• Data discovery requires variable-level metadataData Documentation Initiative (DDI) is an XML standard for micro-data in the social sciencesFederated search toolsNew search toolsVariable level searchingQuestion banksHarmonization tools
  • At ICPSR, we use a “LEADS” database is to actively discover important research data that should be preserved and disseminated. See:Pienta, Gutmann, Hoelter, Lyle, and Donakowski (2008). “The LEADS Database at ICPSR: Identifying Important ‘At Risk’ Social Science Data.”http://www.data-pass.org/sites/default/files/Pienta_et_al_2008.pdf
  • There are increasing sources and types of data produced.
  • On IR was handed 80 distinct pieces of removable media with over 30,000 files and no instructions. One file, as an amusing aside, was named “David’s Favourite Captain Haddock Curses”.How to find the relevant files, and which of those are essential?
  • None of the IRs had the software to read statistical files, let alone the capability to recover or convert older files. This was when ICPSR could lend a direct hand.
  • Survey distributed March & April 2012.60% completion rate (109/181)27 U.S. states + D.C.6 Canadian provincesUK, AU, NL, NO, SA66% respondents from social science repository mailing listMost from college or universityLibrarian5457%Repository Manager3537%Of those who’d received or were planning to receive data (80%):Social Sciences (69%)Physical Sciences (47%)Humanities (36%)Biomedical (36%)Engineering (24%)
  • As we’re presenting guidelines and tips for creating a well-prepared data collection, keep in mind that a lot of the information we’re conveying in this presentation is found in our “ICPSR Guide to Social Science Data Preparation and Archiving” (a link to it is on the ICPSR web site).
  • Confidentiality review and treatment involves reviewing and modifying the actual data to reduce disclosure risk. Data collections undergo confidentiality review to determine whether the data contain any information that could be used to identify respondents. All direct identifiers should be removed from files.There are a number of actions you can take to protect respondent confidentiality: removing, masking, or collapsing variables within public-use versions of the datasets. Or, restricting access to the data.Removing variables is a good solution for treating direct identifiers.Blanking masks identifiers by altering original data values to missing data codes. For example, ‘abcd’ to “ “ (all blanks). Recoding alters original data values to missing data codes. For example, value ‘1234’ is changed to ‘9999’.Bracketing/collapsing combines the categories of a variable or merges the concepts embodies in two or more variables by creating a new summary variable. For example, age: 13-29=1, 30-49=2.Top/Bottom coding groups the upper or lower limits to eliminate outliers. For instance, a sample with extreme values for income might top-code or round all income >$100,000.Perterbing is a more complex statistical technique that involves alteration of the variable by variable suppressing, adding, or removing records, and random noise continuous/pseudo-continuous variables. This technique limits the appeal of the data since it alters the original data values.Restricting access through requiring users to apply for use, and highly restricted access (e.g., secured enclave-only access).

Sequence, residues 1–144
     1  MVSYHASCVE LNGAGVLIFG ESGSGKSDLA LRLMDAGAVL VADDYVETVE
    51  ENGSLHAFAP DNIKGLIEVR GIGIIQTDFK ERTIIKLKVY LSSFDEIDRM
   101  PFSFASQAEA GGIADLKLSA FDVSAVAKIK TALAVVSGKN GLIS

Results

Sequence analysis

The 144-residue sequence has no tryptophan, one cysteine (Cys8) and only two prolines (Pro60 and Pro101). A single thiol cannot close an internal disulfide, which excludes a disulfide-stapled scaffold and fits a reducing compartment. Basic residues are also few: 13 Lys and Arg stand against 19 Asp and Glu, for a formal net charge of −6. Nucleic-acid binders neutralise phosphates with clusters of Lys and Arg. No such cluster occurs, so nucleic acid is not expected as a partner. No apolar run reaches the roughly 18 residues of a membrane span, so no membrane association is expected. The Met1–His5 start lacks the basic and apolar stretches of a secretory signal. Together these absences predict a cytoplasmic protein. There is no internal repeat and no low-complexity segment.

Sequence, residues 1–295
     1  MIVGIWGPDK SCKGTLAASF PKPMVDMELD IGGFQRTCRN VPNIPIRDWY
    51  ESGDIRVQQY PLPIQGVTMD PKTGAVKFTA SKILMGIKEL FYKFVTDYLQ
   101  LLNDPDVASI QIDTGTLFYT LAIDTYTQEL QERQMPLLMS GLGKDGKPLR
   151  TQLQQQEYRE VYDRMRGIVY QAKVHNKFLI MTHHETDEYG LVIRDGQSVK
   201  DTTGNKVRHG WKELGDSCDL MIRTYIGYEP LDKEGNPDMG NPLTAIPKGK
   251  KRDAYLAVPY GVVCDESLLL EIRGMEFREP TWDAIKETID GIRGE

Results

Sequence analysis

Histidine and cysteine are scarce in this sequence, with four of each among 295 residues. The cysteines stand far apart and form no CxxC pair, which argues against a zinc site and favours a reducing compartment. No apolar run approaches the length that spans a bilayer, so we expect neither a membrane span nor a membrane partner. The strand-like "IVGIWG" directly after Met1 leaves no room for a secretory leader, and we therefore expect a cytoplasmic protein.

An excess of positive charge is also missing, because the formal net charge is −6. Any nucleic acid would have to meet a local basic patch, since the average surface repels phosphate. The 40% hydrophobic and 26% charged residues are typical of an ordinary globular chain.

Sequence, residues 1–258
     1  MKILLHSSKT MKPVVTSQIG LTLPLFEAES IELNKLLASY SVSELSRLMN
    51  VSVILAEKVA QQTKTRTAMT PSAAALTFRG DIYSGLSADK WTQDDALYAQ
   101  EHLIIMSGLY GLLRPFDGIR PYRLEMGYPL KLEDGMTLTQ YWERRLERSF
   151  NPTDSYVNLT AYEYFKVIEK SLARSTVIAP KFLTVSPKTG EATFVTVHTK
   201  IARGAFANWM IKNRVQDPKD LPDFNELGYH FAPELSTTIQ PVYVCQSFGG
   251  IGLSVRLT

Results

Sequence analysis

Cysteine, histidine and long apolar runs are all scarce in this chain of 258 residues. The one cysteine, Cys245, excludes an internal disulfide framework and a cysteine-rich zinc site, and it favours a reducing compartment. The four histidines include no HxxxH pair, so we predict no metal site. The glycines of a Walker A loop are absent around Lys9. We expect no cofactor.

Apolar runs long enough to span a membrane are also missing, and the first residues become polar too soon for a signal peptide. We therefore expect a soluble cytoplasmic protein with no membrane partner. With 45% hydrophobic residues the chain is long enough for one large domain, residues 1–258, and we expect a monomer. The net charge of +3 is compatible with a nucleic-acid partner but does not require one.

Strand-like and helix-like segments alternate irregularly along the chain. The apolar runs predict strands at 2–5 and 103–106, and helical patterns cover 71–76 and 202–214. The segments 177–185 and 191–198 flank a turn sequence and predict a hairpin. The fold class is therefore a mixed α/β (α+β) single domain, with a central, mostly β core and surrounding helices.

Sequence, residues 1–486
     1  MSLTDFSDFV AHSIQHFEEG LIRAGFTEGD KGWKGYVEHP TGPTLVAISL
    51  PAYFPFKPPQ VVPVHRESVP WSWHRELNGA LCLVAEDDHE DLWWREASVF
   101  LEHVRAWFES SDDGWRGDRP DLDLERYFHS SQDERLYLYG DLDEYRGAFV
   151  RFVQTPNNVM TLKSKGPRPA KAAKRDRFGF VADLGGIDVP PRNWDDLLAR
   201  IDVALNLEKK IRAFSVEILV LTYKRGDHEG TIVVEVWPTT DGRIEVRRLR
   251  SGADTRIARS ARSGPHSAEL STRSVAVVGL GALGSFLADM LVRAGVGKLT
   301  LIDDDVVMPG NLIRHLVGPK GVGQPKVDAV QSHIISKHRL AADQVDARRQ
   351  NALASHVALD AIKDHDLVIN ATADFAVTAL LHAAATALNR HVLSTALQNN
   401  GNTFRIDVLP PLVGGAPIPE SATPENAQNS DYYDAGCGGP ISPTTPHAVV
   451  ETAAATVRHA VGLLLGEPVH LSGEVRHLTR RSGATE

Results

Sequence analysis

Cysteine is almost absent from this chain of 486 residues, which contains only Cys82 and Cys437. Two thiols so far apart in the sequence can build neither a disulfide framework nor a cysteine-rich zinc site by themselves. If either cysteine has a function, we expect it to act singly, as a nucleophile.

• The intent of the ICPSR pipeline process is to curate, “preserve and access information for the Long Term” (see “Reference Model for an Open Archival Information System (OAIS)”, Consultative Committee for Space Data Systems, Page 2-1. http://public.ccsds.org/publications/archive/650x0b1.PDF).Throughout the pipeline, our intent is to insure that curated data are independently understandable – that is, “the community should be able to understand the information without needing the assistance of the experts who produced the information” (see “Reference Model for an Open Archival Information System (OAIS)”, Consultative Committee for Space Data Systems, Page 3-1. http://public.ccsds.org/publications/archive/650x0b1.PDF).
  • The Virtual Data Enclave (VDE) provides remote access to quantitative data in a secure environment.
  • The Virtual Data Enclave (VDE) provides remote access to quantitative data in a secure environment.

RDAP13 Jared Lyle: Domain Repositories and Institutional Repositories Partn… RDAP13 Jared Lyle: Domain Repositories and Institutional Repositories Partn… Presentation Transcript

  • Domain Repositories and InstitutionalRepositories Partnering to Curate:Opportunities and ExamplesJared LyleRDAP13
  • About ICPSR• Founded in 1962 as a consortium of 21 universities to share the National Election Survey• Today: 700+ members around the world• Data dissemination for more than 20 federal and non-government sponsors• 600,000+ visitors per year
  • What we do• Acquire and archive social science data• Distribute data to researchers• Preserve data for future generations• Provide training in quantitative methodsArchive size• 8,000 data collections, over 60,000 data sets• Grows by 300+ collections a year• 9 Terabytes, soon to be 40+ Terabytes
  • http://www.icpsr.umich.edu
  • http://www.flickr.com/photos/dwiggs/3983200894/sizes/l/in/photostream/
  • 1. Sharing Data (Archiving)
  • “It saves funding and avoidsrepeated data collecting efforts,allows the verification andreplication of research findings,facilitates scientific openness,deters scientific misconduct, andsupports communication andprogress.”Niu (2006). “Reward and Punishment Mechanism for Research Data Sharinhttp://www.iassistdata.org/downloads/iqvol304niu.pdf